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05 September 2005

Cyclone Sadness

Damitt I know I should be blogging about the hurricane right now, but I couldn't bring myself to do it until now. This is a f***ing travestry of not only justice, but humanity. This hurricane disaster should serve notice on the world about the shape the planet is in, the ineffiecencies of our US government to respond to the disaster effectively, the plight of poor americans, and the lunacy of the media to even get the damn story right! I live in Atlanta, which other than Houston and maybe Dallas Texas, is the most populated area closest to the affected area. New Orelans is only a 5-6 hour drive from here, and I have been to the Crecent City about 3 times now. It will never be the same again... Let me repeat that for you, IT WILL NEVER BE THE SAME AGAIN---EVER! Let me state the facts for you if you've never been to N.O., or you,ve never been north of I-10 in the city, and just stayed your ass in the French Quarter, RIverfront, and CBD the whole time....

From Wikipedia: New Orleans was founded in 1718 by the French as La Nouvelle-Orléans, under the direction of Jean-Baptiste Le Moyne de Bienville. The site was selected because it was a rare bit of natural high ground along the flood-prone banks of the lower Mississippi, and was adjacent to a Native American trading route and portage between the Mississippi and Lake Pontchartrain via Bayou St. John (known to the natives as Bayou Choupique). A community of French fur trappers and traders had existed along the bayou (in what is now the middle of New Orleans) for at least a decade before the official founding of the city.

Much of the city is located below sea level between the Mississippi River and Lake Pontchartrain, so the city is surrounded by levees. Until the early 20th century, construction was largely limited to the slightly higher ground along old natural river levees and bayous, since much of the rest of the land was swampy and subject to frequent flooding. This gave the 19th century city the shape of a crescent along a bend of the Mississippi, the origin of the nickname The Crescent City. In the 1910s engineer and inventor A. Baldwin Wood enacted his ambitious plan to drain the city, including large pumps of his own design which are still used. All rain water must be pumped up to the canals which drain into Lake Pontchartrain. Wood's pumps and drainage allowed the city to expand greatly in area. However, pumping of groundwater from underneath the city has resulted in subsidence. The subsidence greatly increased the flood risk, should the levees be breached or precipitation be in excess of pumping capacity. There were many warnings in the late 20th century that a major hurricane or a Mississippi flood could create a lake in the central city as much as 9 m (30 ft) deep, which could take months to pump dry.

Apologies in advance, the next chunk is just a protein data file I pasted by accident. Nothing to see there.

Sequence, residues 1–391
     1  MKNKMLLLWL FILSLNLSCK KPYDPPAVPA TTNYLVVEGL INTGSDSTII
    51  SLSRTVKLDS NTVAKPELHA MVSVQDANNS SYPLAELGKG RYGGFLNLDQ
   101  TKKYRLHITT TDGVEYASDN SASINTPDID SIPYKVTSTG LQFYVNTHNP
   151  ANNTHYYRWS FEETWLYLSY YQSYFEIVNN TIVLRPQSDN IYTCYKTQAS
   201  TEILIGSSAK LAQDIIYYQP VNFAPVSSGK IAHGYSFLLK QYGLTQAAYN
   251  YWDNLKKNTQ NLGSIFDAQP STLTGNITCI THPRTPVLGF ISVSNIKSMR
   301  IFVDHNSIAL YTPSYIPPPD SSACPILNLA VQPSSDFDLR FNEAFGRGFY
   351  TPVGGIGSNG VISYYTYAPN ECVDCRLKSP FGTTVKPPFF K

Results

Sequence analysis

OK... This was a known risk. And New Orleans was drained 100 years ago, and the creator of the levee and pump system there said even back then that this is a system that must be maintained and upgraded as technology advances. The US Army Corps of Engineers (which oversees the entire Mississippi River system of locks and dams and levees), and the Louisiana state government came up with an $11 billion plan to upgrade the pumps and levees that protect the city in early 2000. It came before congress in 2002, but in the wake of 9-11 and most recently the Iraq War, it got turned down... Now I can think of other plans which still got built for more than that during this presidents administration... Boston's Big Dig for example... You mean to tell me that protecting a major city (where 15% of our oil is brought from the Gulf, and refined, then sent on to points in the US via pipeline) isn't important?

Then it hit me... If you walk out of the French Quarter, north along Canal St, or down Rampart St, something happens... You walk into a predominatly Black section of town... This is the real NOLA. This also happens to be the part of N.O. that is below sea level! New Orleans is about 74% African American, and the population has 30% living at or below the poverty line. So I guess poor folks don't need to have protection from the elements by the very government they pay taxes to support. Im no race card player (see my other posts, and you'll see that I equally blast everyone; If you're wrong, you're wrong!) but when I see a... ...trend, yeah thats a nice word for it, a trend, then I call it how I see it.

On TV I see poor whites, blacks and more in a f***ed up situation. This government sat on its collective ass for 3 whole days before responding. The mayor of New Orleans had to cuss and cry on the radio before the Feds came outta their comas to notice. Folks had to break into stores just to get food. People have been trapped in attics and rooftops for nearly a week. People have died in the streets waiting to get out... The scenes look like Mogadishu, or even Baghdad, more than a major US city now. I've talked to several New Orleanians-- Atlanta is overcrowded with storm evacuees this weekend, and you cannot find gas hardly nowhere in this town! But I'm not shocked. Not in the least, for you see, I am used to the disenfranchisement of this government when it comes to the poor. The faces I see are like those I see in my neighboorhood back home in St. Louis. During the Flood of 1993, it was the same BS; if you were rich or a corporation, then the Feds would be out there sandbagging with you. But if you aren't financially "viable", or the "wrong color," then you're assed out as we see in this latest crisis...

Its all the same... Flood of '93, LA riots of '65 and '92, and any other major crisis that I can think of, it would almost seem like its a reason to go ahead and kick the disenfranchised to the wayside. Welcome to the new Fudalist States of America.
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